I’m the furthest thing in the world from a Trump apologist. He is a puerile, filthy, degenerate, incestuous pig, a national embarrassment and disgrace.
But I’m old enough to remember May 4th, 1970 when the National Guard (under another Republican embarrassment of a president) used automatic weapons  on protesting college students at Kent State, killing 4 of them.
Trump’s minor league compared to that.
1. I went on a live fire exercise once with the 82nd Airborne at Fort Bragg. This would’ve been 15 years ago at least. I’ve never heard anything as horrifying as a machine gun. It’s not “rat-a-tat-tat”, it’s a ripping noise as the hail of bullets tear the air apart. It gives me the creeps to this day. And to use that on rock throwing college students? Inexcusable.
Since I’m on a biblical tear here at zumbrun.net I’ll offer up another one.
“When the Son of Man comes in his glory, and all the angels with him, he will sit on his glorious throne. All the nations will be gathered before him, and he will separate the people one from another as a shepherd separates the sheep from the goats. He will put the sheep on his right and the goats on his left.
“Then the King will say to those on his right, ‘Come, you who are blessed by my Father; take your inheritance, the kingdom prepared for you since the creation of the world. For I was hungry and you gave me something to eat, I was thirsty and you gave me something to drink, I was a stranger and you invited me in, I needed clothes and you clothed me, I was sick and you looked after me, I was in prison and you came to visit me.’
“Then the righteous will answer him, ‘Lord, when did we see you hungry and feed you, or thirsty and give you something to drink? When did we see you a stranger and invite you in, or needing clothes and clothe you? When did we see you sick or in prison and go to visit you?’
“The King will reply, ‘Truly I tell you, whatever you did for one of the least of these brothers and sisters of mine, you did for me.’
“Then he will say to those on his left, ‘Depart from me, you who are cursed, into the eternal fire prepared for the devil and his angels. For I was hungry and you gave me nothing to eat, I was thirsty and you gave me nothing to drink, I was a stranger and you did not invite me in, I needed clothes and you did not clothe me, I was sick and in prison and you did not look after me.’
“They also will answer, ‘Lord, when did we see you hungry or thirsty or a stranger or needing clothes or sick or in prison, and did not help you?’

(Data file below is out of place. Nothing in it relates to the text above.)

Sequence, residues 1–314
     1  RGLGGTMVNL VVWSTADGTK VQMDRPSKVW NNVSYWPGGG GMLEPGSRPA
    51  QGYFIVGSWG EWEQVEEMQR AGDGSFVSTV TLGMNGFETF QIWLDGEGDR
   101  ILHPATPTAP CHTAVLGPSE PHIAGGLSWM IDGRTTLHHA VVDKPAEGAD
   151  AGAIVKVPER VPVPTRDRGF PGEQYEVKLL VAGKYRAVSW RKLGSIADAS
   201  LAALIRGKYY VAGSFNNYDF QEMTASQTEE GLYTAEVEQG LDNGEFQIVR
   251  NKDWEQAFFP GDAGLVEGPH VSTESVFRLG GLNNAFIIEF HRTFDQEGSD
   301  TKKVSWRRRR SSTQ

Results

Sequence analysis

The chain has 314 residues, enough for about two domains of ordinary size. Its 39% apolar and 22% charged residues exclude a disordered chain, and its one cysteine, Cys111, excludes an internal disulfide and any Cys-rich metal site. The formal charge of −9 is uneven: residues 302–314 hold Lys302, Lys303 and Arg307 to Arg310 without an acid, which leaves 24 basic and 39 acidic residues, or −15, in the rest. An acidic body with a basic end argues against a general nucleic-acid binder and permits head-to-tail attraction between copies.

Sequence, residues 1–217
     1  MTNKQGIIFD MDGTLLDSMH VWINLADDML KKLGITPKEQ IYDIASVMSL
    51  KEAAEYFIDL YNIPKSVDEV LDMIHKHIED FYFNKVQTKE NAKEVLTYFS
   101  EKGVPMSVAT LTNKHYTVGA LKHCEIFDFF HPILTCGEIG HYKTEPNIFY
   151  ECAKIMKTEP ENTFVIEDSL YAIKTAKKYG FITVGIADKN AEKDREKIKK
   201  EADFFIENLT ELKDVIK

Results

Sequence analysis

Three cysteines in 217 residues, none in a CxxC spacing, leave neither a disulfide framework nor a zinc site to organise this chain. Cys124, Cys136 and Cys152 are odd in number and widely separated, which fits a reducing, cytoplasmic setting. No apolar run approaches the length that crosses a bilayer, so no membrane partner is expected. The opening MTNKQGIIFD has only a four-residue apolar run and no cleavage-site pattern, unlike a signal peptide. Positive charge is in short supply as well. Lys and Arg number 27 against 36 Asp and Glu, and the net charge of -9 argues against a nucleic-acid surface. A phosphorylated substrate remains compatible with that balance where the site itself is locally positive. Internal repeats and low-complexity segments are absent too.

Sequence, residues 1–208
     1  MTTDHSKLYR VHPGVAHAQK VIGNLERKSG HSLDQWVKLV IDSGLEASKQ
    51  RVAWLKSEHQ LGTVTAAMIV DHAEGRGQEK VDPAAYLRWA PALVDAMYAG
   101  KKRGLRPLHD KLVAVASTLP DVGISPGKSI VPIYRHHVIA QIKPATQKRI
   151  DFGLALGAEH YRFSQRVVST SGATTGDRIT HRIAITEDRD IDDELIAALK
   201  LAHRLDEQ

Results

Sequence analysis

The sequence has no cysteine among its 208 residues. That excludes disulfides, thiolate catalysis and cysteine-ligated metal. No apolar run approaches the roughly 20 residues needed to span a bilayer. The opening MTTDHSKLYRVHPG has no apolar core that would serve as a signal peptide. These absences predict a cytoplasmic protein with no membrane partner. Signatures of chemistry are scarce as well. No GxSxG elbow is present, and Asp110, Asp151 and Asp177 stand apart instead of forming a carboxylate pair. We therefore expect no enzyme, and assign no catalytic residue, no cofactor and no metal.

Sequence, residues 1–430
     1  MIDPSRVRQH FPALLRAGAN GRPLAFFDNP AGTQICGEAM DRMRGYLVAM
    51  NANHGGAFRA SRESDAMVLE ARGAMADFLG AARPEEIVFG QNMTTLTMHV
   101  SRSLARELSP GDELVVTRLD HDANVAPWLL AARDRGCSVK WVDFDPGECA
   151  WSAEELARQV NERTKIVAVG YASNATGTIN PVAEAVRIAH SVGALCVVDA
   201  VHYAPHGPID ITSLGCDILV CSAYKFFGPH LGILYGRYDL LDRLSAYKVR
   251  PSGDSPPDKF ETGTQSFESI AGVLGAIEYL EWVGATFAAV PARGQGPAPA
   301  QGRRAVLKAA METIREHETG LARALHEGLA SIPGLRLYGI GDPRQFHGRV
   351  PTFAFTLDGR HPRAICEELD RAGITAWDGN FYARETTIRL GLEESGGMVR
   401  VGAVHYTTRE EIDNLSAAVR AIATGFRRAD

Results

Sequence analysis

“He will reply, ‘Truly I tell you, whatever you did not do for one of the least of these, you did not do for me.’
“Then they will go away to eternal punishment, but the righteous to eternal life.”
– Matthew 25:31-46
Our so-called representatives  just passed a bill to take health insurance from the least in our country. Not for any good reason, just to score a few political points to pander to their base.
On this Maundy Thursday, while that jackass occupying the White House and his sycophants spread violence and hate and it seems they are leading us down the road to a global holocaust, I found myself thinking of this verse:
And He will judge between the nations, And will render decisions for many peoples; And they will hammer their swords into plowshares and their spears into pruning hooks. Nation will not lift up sword against nation, And never again will they learn war.
— Isaiah 2:4
Thousands and thousands will die because we put weapons of mass destruction in the hands of this incompetent fool. As for me, I’ve laid down my sword and shield and I won’t study war. I won’t fight, and I won’t support or admire those who do.
I was splitting wood the other day with my second favorite ax. That ax belonged to my wife’s grandfather, Glen Buckmaster. I like to split wood and remember him. I only knew him for a few years, but he was a fine man.
The ax was bouncing back at me, so I figured it needed sharpened. I hit it with the grinder to reshape the bevel and then honed it with a file. The wood exploded apart when I hit it with the sharpened ax. I clearly need to sharpen my tools more often.
And this is a good excuse to quote one of my favorite poems.
“Except as a fellow handled an ax,
They had no way of knowing a fool.”
Robert Frost in the poem “Two Tramps in Mud Time”.
Any month with an ‘r’ in it, that’s horseradish season. April’s a good time to do it, because the ground’s not frozen.
Spenser and Owen (the Wonder Dogs) and I went out and dug 4 nice roots today.
Here they are all cleaned up. Then I peel them with a vegetable peeler.
Next I chopped them up and into the food processor they go.
Those chunks were too big, they just spun in the food processor. I dumped them out and chopped them up a little more. That worked.
The longer the chopped horseradish is exposed to air, the hotter it gets. This stuff was hot to start with and soon was suitable for use as a chemical weapon. I poured in a few tablespoons of white vinegar and a pinch of salt and gave it a buzz in the processor to stop the heat.
Like everyone else we resolved to eat healthier at New Year’s Eve. More fruit, more veggies, less refined carbs, less fat, less sugar. Yadda, yadda, yadda, heard it all before.